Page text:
Solving Blockchain’s Ecological Problem: What Works and What’s at Stake

This article was first published on Loom Network - Medium

The ecological footprint of Bitcoin is a favorite stick with which to beat cryptocurrencies. When most people do it, it doesn’t wipe 30% off the market cap, but it is a persistent bugbear — mostly because it’s a real problem, and there isn’t a simple solution.

At least, there isn’t a simple solution for the Bitcoin blockchain. But if the idea of needing the energy equivalent of a midsize country to run your blockchain seems like an issue, there is an answer: Don’t use Proof-of-Work.

What is PoW?

Proof of Work (PoW) is the consensus algorithm Bitcoin and Ethereum use to mint new blocks. Computers race to be the first to solve complex mathematical puzzles, and the proof that they have done so is their certificate of the right to mint the block and claim the reward.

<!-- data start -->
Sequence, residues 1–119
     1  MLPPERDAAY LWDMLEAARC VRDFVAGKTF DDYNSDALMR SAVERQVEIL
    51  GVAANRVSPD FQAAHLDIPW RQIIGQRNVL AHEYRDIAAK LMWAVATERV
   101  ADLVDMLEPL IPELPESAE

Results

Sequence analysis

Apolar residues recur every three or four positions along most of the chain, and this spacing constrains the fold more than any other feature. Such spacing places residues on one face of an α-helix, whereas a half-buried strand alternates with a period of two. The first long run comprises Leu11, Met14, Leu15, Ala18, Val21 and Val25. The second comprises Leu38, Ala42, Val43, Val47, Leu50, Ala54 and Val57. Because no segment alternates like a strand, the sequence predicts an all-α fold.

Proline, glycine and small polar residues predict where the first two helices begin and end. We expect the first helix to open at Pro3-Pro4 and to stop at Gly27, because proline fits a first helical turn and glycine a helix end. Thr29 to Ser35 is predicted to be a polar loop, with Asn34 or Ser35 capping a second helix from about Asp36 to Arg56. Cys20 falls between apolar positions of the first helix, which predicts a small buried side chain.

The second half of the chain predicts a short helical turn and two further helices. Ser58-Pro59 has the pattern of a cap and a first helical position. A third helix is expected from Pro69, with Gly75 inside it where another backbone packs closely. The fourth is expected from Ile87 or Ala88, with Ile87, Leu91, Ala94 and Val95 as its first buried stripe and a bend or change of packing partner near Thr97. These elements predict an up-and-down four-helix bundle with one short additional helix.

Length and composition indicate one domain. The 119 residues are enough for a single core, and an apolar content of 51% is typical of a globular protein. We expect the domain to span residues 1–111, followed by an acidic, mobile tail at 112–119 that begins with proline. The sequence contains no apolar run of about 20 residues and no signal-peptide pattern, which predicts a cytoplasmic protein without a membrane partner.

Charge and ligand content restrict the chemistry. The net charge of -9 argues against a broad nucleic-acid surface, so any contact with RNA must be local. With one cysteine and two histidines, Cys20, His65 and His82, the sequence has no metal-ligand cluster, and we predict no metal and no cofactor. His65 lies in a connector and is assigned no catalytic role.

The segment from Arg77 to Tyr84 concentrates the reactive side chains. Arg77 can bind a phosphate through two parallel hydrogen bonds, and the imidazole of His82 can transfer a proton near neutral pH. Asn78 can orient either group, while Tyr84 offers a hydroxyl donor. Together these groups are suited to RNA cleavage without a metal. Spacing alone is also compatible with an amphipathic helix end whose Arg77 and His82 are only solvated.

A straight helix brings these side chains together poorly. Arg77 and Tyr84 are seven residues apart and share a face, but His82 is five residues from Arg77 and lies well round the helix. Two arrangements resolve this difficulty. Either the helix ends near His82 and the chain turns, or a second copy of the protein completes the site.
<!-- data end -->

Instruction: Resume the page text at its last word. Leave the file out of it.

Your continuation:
When a block is minted on the Bitcoin blockchain, pending batches of transactions on the network are OK’d by the network and added to the blockchain. Bitcoin miners receive 12.5 BTC each time they validate a block — small change in Bitcoin’s early days but US $463,361 at the time of writing. This is how new Bitcoins are made, and why block validation is called mining.

What’s wrong with PoW?

Unfortunately, these puzzles really are very complex. They require huge computer resources to solve quickly. In the early days, Bitcoin was envisaged as a tool for totally anonymous trading: true digital cash. Its inventor or inventors (whoever they are, they’re currently among the richest people alive) doesn’t seem to have foreseen that mining would become an industry of its own, but it has. Blocks aren’t minted on networks of laptops but in giant server centers that threaten the global supply of graphics cards and suck up mostly dirty electricity in China and elsewhere.

Because of the enormous energy costs ...

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